Politics

“A microcosm of mainstream Britain”

Source: LSE Library (via Flickr)

By Charlotte King

In what some are calling an unsurprising turn of events, seven MPs resigned from the Labour party last week in protest of the party’s approach to Brexit and tackling of anti-Semitism and were followed by an eighth resignation shortly after. The last time the Labour Party experienced a fracture like this was in 1981 when four MPs quit to form the Social Democratic Party.

Tensions within the Labour Party have been getting ever more taught recently. The surge in anti-Semitic allegations made by party members, alongside Corbyn’s determination to ‘respect the result of the referendum’ and resist succumbing to the desires of those who believe Labour should campaign for a second Brexit referendum, have led to some Labour backbenchers expressing dissatisfaction in the party’s leadership. This string of events ultimately culminated in the resignation of seven Labour backbenchers on February 18th who now sit in Parliament not as a new political party, but as the Independent Group backing a second referendum; they were joined by fellow Labour MP Joan Ryan and three Conservative MPs the following day. Chuka Umunna has commented that he hopes a new political party can be created by the end of 2019; “There needs to be an alternative”.

Prior to the split, a ‘pledge’ had been seen circulating on social media pressuring Labour MPs to express support for the party regardless of who holds the reins. The pledge was dubbed the ‘Jeremy Corbyn Great Leader’ pledge, and stated “I pledge to work for the achievement of a Labour-led Government under whatever leadership members elect, and I accept a Labour-led Government in infinitely better than any other election outcome”. John McDonnell, the Shadow Chancellor, said the pledge was a way to provide reassurance to the party that “we’re basically Labour through and through”, however Gavin Shuker felt he was being ordered to “completely obey and not question the Great Leader Jeremy Corbyn”, presumably unhappy with the silencing of dissenting voices and critics of Jeremy Corbyn.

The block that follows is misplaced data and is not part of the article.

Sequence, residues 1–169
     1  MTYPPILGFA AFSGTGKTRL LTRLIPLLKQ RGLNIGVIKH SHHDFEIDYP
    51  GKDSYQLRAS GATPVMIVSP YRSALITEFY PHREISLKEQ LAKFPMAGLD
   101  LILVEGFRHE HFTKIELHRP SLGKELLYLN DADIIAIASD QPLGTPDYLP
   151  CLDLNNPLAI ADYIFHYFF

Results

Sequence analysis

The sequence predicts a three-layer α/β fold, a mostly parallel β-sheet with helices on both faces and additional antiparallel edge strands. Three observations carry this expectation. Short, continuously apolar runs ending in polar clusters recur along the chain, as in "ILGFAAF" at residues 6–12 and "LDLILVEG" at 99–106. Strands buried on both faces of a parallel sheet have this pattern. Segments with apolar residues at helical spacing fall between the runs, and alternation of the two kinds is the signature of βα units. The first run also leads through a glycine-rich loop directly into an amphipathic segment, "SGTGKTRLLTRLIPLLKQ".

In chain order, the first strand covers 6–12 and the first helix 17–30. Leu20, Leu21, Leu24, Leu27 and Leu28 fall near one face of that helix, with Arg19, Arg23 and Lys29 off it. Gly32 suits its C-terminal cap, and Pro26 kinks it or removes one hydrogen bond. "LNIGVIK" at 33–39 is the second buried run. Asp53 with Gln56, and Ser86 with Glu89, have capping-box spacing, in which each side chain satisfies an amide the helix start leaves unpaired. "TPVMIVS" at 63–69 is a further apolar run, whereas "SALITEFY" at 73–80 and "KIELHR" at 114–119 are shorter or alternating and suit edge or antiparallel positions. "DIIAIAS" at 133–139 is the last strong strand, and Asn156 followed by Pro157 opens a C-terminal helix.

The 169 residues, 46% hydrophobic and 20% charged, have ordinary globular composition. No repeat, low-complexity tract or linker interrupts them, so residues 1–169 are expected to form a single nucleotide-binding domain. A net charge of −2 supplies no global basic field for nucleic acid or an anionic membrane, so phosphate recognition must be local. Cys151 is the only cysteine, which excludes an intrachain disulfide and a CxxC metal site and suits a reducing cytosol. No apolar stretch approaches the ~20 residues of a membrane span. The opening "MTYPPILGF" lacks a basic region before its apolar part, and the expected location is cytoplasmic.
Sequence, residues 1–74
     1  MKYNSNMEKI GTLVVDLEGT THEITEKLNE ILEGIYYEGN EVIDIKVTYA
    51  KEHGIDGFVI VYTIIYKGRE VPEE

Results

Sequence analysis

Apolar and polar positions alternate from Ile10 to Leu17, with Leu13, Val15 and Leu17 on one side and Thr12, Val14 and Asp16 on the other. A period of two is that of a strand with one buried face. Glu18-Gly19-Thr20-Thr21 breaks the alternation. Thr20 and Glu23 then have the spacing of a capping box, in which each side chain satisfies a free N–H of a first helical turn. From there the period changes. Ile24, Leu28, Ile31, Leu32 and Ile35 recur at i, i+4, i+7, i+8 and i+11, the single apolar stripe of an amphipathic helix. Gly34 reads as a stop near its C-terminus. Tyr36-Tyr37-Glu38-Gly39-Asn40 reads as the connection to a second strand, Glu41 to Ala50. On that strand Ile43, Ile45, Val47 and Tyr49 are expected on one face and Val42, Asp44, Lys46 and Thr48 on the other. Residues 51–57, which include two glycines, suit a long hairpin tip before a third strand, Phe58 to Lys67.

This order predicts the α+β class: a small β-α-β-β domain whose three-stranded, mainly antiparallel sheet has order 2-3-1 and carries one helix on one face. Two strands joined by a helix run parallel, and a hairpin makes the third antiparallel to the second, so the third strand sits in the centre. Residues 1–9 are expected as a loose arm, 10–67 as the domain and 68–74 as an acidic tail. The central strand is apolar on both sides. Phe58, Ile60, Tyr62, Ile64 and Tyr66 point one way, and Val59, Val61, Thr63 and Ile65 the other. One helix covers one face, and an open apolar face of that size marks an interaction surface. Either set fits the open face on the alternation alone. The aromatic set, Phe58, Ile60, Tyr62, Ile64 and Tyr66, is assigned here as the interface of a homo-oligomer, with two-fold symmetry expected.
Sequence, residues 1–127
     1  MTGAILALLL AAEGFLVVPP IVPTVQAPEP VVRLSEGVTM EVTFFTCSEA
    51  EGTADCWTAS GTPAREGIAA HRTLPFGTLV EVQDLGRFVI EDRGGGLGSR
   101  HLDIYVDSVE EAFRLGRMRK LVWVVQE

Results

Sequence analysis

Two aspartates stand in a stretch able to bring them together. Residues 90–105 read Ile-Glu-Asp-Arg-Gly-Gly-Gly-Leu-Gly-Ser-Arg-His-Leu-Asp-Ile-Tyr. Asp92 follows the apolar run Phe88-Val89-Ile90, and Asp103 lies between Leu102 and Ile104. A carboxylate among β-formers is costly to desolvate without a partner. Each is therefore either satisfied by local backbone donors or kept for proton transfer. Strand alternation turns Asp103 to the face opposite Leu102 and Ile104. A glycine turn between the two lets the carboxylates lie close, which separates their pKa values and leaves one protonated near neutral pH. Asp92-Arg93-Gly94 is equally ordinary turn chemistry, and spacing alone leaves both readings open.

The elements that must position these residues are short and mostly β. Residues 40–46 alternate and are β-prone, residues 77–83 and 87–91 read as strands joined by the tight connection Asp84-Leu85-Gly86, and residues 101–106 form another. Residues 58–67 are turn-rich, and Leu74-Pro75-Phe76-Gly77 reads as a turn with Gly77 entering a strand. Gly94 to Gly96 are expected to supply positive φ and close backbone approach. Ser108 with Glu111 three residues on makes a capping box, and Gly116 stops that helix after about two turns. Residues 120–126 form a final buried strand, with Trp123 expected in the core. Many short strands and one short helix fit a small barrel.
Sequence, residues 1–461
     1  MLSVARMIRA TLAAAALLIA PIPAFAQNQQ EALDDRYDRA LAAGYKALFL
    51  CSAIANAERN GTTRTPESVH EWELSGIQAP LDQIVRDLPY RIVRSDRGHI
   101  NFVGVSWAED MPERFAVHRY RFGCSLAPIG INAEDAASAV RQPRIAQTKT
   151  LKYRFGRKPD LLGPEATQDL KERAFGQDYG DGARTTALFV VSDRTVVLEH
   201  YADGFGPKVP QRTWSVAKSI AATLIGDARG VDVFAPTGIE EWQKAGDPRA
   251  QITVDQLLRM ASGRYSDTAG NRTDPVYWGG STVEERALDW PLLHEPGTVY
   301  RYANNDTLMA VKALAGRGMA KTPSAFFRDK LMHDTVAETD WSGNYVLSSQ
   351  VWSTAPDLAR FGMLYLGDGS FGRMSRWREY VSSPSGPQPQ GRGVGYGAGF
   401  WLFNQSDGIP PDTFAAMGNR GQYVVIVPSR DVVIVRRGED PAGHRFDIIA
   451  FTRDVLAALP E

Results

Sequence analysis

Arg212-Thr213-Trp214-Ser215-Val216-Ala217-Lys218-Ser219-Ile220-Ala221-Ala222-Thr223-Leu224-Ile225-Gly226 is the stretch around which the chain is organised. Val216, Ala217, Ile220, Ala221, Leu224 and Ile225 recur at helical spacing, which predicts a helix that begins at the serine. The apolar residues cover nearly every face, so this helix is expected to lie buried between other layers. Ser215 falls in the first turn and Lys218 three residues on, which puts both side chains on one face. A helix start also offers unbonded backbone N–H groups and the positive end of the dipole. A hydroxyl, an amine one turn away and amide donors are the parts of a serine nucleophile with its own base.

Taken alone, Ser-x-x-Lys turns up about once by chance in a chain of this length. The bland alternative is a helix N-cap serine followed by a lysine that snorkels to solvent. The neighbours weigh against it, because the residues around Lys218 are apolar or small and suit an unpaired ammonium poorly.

In their Statement of Independence, the newly organised group of MPs pledged “to put the best interests of our constituents and our country first” as they do not that believe that any of the current political parties are “fit to provide the leadership and direction needed by our country”. The group believes that Labour’s current policies relating to Brexit are detrimental to the UK’s national security, and ultimately believe Parliament is in need of a “strong and coherent” alternative Brexit deal to the one put forward by Theresa May. One of the ‘defectors’, Mike Gapes, commented: “I am furious that the Labour leadership is complicit in facilitating Brexit, which will cause great economic, social and political damage to our country”. Hence, it appears that this new group of centrist MPs will be firmly backing a second referendum or some form of People’s Vote on the proposed Brexit deal.